It’s a good thing that Robert Rickhoff isn’t involved in any actual urban planning. Put in charge of a construction crew, he’d probably build a volleyball court in the middle of a highway or erect ramps so cars can catch some air.
Just such questionable public amenities are presented in Rickhoff’s graduate thesis at ArtEZ in the Netherlands, appropriately titled “Out of Place.” The surreal series of manipulated photos introduce a metropolis in which the architecture is twisted to spawn new, strange functions.
See more of Rickhoff’s work. [Image: Robert Rickhoff]
Come on, someone needs to make these.
1,000 times yes.
Added to the bucket list.
A rare natural phenomenon turns one of Austria’s most beautiful hiking trails into a 10 meter-deep lake, for half the year.
Located at the foot of the Hochschwab Mountains, in Tragoess, Styria, Green Lake is one of the most bizarre natural phenomena in the world. During the cold winter months, this place is almost completely dry, and used as a country park where hikers love to come and spend some time away from urban chaos. But as soon as temperatures rise, the snow and ice covering the mountaintops begin to melt, and the water pours down, filling the basin below with crystal-clear water.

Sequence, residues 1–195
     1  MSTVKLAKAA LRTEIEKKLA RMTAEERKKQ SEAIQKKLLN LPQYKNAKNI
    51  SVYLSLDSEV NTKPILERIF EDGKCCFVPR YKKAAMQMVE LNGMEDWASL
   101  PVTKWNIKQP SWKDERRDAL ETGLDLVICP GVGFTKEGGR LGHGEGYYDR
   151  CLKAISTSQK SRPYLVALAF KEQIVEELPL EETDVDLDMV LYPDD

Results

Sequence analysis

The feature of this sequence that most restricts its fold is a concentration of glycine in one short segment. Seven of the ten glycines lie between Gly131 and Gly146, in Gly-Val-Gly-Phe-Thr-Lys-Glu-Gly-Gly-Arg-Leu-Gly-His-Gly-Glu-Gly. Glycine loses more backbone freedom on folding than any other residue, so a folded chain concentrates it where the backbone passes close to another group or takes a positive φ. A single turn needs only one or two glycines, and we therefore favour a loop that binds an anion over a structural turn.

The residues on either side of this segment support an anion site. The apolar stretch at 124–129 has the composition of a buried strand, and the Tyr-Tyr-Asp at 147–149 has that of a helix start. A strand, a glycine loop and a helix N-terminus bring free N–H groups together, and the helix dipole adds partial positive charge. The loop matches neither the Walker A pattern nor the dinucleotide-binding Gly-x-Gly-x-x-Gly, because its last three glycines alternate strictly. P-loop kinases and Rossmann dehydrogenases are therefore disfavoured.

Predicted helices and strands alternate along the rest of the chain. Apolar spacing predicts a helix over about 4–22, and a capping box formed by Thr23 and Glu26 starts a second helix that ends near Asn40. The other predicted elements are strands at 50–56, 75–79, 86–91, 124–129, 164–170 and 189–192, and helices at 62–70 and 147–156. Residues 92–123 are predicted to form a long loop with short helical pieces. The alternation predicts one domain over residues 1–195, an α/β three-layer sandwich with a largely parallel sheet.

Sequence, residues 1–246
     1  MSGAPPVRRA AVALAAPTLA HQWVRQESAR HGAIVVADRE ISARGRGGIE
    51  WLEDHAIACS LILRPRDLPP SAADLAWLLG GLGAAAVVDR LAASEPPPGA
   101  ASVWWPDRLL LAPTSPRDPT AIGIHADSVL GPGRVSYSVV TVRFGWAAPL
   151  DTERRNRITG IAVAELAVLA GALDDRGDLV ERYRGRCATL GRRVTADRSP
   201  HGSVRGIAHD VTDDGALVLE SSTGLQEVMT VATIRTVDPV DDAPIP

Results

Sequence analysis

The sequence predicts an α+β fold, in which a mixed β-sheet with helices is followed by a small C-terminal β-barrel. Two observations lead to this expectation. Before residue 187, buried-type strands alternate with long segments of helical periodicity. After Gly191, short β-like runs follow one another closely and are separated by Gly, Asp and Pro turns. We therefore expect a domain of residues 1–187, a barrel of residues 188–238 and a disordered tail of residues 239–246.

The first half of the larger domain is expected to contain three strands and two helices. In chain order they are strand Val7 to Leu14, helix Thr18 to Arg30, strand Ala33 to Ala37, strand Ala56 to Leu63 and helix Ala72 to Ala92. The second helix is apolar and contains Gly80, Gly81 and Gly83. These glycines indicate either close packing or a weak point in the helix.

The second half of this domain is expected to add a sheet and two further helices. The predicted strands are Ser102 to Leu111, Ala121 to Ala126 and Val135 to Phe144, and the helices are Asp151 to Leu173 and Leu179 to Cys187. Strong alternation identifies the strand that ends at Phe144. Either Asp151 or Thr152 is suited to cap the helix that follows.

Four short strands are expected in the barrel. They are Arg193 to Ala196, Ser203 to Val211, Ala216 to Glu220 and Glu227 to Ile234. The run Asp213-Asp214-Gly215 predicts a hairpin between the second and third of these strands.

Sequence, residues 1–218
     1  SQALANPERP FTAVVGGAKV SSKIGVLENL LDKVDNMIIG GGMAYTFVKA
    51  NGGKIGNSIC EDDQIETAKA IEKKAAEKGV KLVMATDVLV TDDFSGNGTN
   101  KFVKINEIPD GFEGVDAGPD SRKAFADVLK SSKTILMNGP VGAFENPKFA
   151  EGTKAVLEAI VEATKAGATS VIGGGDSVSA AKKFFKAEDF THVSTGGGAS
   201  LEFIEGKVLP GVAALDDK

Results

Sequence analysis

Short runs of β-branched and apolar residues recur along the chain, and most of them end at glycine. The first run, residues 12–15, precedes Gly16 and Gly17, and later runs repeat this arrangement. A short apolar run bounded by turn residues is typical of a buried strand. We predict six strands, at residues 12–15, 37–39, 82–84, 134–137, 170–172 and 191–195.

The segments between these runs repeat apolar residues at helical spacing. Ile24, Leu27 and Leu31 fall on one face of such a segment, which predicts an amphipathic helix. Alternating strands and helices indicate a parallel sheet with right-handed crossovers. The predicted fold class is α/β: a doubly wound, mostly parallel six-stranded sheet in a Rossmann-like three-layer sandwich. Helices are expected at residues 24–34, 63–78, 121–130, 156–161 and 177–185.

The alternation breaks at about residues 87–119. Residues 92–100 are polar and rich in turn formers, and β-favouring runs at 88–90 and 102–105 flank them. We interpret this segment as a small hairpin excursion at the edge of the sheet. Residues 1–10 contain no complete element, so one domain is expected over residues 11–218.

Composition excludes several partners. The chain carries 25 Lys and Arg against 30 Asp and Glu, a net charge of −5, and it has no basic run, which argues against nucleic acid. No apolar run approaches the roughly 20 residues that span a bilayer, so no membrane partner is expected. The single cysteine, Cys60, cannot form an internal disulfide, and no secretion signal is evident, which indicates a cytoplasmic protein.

Water levels go from one-two meters at most, to over 10 meters, in the early summer. The waters of Green Lake are highest in June, when this extraordinary place is invaded by divers, curious to see what a mountain park looks like underwater. Fish swimming over wooden benches, a grass-covered bottom, trees, roads, and even bridges create a surreal setting that feels like it belongs on dry ground. That’s because for half of the year, that’s exactly where it’s at.